Q. Including same-sex ones?

    A. No, of course not. There's no such thing in Elohim's (God's) eyes and neither in ours.

    Q. Are there any other practices which you have in common with Hebrew culture?

    A. Yes, the laws of ownership, for example. In the Holy Order all things are held in common. This was the New Testament practice. Few Christians practice it today. This we call the United Order. I know of no other churches who practice all things in common.

    Q. We hear stories in the media of cults that take the money of gullible members - sometimes whole fortunes. When they get disillusioned, they go away penniless. Could such a thing happen in the Holy Order?

    A. No, it couldn't. What the cults do is outright robbery. Those who come to the Holy Order and live the United Order by consecrating all their wealth and possessions to the Order are entitled to take what they brought in with them if they choose to leave the Order. Anything else would amount to robbery. An individual or family entering the Order would register their property and wealth when coming into the Order. If they choose to leave it, they have the legal right to take what they brought.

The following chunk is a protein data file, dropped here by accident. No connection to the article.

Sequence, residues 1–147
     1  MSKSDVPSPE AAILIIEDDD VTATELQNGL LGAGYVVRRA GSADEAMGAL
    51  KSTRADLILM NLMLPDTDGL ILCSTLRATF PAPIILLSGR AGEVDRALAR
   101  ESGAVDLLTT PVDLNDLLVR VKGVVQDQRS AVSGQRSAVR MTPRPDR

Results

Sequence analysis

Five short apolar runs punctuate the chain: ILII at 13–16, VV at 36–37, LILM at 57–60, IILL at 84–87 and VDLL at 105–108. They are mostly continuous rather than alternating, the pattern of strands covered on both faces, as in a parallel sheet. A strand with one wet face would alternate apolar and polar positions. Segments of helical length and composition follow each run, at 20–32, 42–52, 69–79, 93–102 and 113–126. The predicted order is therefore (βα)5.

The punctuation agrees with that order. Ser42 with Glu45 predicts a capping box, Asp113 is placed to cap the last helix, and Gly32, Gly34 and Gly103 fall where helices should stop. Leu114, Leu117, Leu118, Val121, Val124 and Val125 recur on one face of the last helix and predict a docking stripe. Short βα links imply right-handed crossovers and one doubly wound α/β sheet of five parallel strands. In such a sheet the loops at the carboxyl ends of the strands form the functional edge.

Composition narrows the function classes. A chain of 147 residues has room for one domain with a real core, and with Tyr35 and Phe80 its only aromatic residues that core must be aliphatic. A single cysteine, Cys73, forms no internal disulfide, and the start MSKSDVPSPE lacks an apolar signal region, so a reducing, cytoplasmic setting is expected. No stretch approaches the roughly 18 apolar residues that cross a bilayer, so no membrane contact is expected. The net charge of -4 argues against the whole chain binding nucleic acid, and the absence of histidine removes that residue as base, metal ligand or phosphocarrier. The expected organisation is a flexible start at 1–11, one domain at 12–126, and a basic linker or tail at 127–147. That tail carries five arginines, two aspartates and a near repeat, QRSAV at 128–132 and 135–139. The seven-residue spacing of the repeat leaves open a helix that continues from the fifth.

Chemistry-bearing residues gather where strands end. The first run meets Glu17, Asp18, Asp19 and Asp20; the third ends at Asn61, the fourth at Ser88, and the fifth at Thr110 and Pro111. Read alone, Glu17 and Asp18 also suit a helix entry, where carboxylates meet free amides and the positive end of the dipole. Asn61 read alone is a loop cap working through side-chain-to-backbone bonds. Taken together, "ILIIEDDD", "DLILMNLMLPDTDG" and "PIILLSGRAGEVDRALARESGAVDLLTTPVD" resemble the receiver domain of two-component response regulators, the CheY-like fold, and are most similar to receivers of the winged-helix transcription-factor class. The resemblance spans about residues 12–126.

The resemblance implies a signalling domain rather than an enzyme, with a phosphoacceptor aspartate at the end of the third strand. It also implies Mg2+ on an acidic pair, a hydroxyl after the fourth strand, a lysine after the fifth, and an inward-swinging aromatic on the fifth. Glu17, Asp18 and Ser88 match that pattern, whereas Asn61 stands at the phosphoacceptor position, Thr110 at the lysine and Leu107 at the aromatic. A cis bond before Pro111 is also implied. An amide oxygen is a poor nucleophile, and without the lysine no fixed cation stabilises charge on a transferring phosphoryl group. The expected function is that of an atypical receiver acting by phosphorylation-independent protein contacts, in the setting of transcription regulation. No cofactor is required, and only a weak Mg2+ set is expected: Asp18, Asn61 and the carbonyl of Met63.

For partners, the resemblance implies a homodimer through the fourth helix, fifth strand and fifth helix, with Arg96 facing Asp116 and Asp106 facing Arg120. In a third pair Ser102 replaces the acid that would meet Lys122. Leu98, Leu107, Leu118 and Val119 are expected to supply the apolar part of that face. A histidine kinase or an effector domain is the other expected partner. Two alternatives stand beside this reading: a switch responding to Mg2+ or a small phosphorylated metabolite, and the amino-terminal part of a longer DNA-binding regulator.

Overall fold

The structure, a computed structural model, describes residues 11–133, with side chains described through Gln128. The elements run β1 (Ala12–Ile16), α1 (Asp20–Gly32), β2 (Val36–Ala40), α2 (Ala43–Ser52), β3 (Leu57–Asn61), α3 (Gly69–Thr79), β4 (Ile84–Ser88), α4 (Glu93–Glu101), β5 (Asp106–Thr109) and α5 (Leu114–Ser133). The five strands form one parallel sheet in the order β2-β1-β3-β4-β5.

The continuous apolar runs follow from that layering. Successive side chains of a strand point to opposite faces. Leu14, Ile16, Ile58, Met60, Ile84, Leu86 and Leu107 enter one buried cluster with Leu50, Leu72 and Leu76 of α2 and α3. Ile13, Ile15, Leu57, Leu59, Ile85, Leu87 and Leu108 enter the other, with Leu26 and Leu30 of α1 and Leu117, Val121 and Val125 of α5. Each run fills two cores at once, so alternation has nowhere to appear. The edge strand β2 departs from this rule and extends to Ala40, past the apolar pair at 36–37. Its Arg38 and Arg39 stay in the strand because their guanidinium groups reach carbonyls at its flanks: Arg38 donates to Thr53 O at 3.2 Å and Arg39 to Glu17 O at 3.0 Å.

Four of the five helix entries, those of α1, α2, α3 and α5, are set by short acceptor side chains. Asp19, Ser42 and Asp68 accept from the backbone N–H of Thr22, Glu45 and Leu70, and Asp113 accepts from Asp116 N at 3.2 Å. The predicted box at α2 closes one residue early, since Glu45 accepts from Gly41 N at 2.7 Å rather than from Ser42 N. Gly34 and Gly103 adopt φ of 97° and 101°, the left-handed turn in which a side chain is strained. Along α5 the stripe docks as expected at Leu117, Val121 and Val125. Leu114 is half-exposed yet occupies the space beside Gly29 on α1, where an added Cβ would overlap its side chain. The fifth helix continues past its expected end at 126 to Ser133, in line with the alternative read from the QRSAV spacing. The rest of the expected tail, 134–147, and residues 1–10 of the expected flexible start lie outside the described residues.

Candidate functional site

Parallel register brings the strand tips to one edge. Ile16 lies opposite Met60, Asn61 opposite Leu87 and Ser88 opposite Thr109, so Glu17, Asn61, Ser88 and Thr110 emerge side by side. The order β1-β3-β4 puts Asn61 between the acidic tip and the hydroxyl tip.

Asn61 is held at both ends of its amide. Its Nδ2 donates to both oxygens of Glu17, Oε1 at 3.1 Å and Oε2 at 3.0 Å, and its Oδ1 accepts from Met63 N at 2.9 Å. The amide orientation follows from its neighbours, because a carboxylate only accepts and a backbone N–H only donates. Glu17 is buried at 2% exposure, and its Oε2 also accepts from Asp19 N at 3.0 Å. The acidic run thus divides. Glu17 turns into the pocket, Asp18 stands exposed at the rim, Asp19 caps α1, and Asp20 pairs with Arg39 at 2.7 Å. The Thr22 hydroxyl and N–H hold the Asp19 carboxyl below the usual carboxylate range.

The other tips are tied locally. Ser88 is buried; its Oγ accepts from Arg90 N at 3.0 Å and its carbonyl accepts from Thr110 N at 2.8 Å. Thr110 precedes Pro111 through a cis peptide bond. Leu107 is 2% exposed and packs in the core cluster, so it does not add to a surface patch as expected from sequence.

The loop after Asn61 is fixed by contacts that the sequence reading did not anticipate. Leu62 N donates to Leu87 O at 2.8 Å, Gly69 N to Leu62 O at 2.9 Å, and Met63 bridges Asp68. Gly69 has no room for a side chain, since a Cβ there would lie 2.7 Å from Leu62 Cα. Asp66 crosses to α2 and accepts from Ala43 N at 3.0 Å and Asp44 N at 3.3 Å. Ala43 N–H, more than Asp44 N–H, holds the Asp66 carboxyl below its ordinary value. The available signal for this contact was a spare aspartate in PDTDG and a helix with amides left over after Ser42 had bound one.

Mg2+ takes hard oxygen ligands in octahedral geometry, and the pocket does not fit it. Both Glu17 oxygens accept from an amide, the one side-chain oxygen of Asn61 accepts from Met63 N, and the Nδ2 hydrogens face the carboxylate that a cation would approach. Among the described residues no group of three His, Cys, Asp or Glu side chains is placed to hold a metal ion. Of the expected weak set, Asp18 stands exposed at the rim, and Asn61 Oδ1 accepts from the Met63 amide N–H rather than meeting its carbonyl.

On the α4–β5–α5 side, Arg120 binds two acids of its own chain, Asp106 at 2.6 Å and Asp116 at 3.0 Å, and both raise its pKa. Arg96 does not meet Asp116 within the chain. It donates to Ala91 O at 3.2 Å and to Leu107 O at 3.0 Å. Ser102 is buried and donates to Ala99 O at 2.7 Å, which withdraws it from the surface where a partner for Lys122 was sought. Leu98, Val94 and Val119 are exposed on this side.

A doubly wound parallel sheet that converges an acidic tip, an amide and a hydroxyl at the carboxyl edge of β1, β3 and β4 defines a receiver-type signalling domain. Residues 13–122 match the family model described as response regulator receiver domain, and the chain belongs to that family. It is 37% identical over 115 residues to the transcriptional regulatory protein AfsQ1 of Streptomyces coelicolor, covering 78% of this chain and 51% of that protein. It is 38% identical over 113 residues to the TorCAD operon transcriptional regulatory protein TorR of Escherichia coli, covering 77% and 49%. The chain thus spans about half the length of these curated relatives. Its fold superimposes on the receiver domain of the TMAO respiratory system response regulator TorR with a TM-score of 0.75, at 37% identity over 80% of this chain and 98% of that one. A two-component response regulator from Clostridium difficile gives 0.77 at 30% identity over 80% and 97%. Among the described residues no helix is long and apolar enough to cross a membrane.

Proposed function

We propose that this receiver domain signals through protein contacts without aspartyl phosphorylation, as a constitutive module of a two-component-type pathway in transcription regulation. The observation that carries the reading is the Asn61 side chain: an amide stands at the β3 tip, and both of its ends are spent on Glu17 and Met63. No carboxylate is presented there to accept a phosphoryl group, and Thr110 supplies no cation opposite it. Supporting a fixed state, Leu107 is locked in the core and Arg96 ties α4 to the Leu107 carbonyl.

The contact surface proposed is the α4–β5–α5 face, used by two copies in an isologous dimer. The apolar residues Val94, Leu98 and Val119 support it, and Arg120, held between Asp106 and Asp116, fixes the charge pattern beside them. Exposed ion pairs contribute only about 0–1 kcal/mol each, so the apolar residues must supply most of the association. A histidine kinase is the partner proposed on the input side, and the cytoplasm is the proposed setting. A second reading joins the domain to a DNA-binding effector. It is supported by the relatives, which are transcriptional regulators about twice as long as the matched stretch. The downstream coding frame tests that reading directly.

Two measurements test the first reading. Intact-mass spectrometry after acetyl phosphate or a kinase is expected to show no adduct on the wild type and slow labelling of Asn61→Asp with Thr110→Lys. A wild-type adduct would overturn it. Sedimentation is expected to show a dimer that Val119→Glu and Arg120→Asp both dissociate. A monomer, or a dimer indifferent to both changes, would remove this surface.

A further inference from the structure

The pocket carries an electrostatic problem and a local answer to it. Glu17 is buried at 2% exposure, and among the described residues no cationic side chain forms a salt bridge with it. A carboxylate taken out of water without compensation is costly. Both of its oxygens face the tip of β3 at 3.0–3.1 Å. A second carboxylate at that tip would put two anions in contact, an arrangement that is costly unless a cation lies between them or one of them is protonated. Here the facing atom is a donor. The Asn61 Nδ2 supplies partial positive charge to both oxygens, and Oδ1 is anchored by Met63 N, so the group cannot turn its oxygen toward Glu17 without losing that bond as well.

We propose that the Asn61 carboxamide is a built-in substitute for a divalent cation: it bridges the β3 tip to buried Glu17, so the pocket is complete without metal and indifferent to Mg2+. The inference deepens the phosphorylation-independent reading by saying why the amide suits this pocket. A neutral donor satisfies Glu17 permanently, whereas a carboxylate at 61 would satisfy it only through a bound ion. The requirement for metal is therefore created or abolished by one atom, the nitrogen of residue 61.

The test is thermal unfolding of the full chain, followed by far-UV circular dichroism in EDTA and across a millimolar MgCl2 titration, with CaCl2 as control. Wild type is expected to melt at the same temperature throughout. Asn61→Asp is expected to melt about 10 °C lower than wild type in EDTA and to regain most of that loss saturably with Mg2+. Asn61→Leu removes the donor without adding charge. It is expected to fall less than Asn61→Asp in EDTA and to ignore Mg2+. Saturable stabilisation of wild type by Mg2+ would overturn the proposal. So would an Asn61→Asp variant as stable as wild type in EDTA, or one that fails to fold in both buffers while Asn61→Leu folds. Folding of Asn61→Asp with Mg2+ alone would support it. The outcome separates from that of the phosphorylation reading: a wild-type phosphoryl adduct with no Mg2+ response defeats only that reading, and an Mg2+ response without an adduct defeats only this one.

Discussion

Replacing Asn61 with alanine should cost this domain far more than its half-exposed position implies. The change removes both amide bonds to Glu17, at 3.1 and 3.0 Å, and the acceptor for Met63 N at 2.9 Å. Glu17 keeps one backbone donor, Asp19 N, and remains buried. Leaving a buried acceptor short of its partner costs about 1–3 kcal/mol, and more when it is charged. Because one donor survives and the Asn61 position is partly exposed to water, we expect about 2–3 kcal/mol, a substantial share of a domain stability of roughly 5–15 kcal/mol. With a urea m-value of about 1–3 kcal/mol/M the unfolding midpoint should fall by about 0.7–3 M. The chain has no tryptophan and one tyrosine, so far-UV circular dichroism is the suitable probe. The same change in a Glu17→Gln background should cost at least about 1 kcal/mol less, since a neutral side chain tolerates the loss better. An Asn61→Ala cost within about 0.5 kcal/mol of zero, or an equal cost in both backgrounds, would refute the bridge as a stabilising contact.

Q. Do you mean they sign legal contracts?

    A. Where such laws exist in countries that is the practice. The new members deed all their property and wealth to the Order which it is entitled to dispose of it as it sees fit. The Order, in its turn, covenants to return the same back if the family leaves, in money or in kind, and according to its current value.

    Q. Isn't that quite complicated what with inflation, wear-and-tear, and such things?

    A. With good will on both sides this can be sorted out. But you know, we are careful in choosing the people who are allowed to join the Order. Not anybody can come along and join. We are seeking for honest, honourable, hard-working, thrifty and decent people. Doubters and the like never gain admission to the Order.

    Q. But even if you find perfect, or near-perfect people, you can never know how they're going to turn out?

    A. That is true, and that's why we sign contracts with them when they join, guaranteeing them financial security if they leave. Our hope is, after all, that if they leave the Order they will continue to be active in the local NCAY assemblies. They are still a part of the brotherhood -- still cherished family members.